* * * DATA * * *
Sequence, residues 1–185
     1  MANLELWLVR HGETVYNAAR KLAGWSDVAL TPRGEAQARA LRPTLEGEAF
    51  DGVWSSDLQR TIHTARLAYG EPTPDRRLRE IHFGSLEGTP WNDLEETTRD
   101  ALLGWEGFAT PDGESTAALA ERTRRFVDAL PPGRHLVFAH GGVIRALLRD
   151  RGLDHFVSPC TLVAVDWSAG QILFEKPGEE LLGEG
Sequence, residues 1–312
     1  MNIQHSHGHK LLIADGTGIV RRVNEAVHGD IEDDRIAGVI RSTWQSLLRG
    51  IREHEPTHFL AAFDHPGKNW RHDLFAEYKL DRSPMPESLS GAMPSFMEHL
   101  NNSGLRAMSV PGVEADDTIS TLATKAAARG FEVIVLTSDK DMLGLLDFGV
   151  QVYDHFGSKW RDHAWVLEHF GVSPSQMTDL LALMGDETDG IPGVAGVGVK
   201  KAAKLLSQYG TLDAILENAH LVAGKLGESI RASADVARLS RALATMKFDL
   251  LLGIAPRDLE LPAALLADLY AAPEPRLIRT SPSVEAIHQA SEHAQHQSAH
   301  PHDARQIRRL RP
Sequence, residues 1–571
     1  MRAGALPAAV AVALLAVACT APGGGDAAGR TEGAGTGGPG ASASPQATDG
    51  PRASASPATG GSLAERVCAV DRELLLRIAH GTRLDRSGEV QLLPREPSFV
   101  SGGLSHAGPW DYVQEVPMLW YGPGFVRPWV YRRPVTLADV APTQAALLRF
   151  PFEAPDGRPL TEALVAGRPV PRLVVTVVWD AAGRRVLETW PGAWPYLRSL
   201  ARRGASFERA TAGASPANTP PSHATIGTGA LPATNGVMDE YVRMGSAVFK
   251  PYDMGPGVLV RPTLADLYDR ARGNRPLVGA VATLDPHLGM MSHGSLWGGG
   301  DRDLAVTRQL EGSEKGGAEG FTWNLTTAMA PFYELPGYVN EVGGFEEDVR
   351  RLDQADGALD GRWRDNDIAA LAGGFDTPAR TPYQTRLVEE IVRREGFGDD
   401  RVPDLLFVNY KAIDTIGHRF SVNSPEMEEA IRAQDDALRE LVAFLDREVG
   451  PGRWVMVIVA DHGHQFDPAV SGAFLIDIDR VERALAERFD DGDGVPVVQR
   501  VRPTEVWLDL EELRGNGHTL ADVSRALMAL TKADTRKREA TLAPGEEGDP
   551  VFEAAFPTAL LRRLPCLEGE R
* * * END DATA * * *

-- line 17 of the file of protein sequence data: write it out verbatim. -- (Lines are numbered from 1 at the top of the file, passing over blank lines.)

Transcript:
   101  SGGLSHAGPW DYVQEVPMLW YGPGFVRPWV YRRPVTLADV APTQAALLRF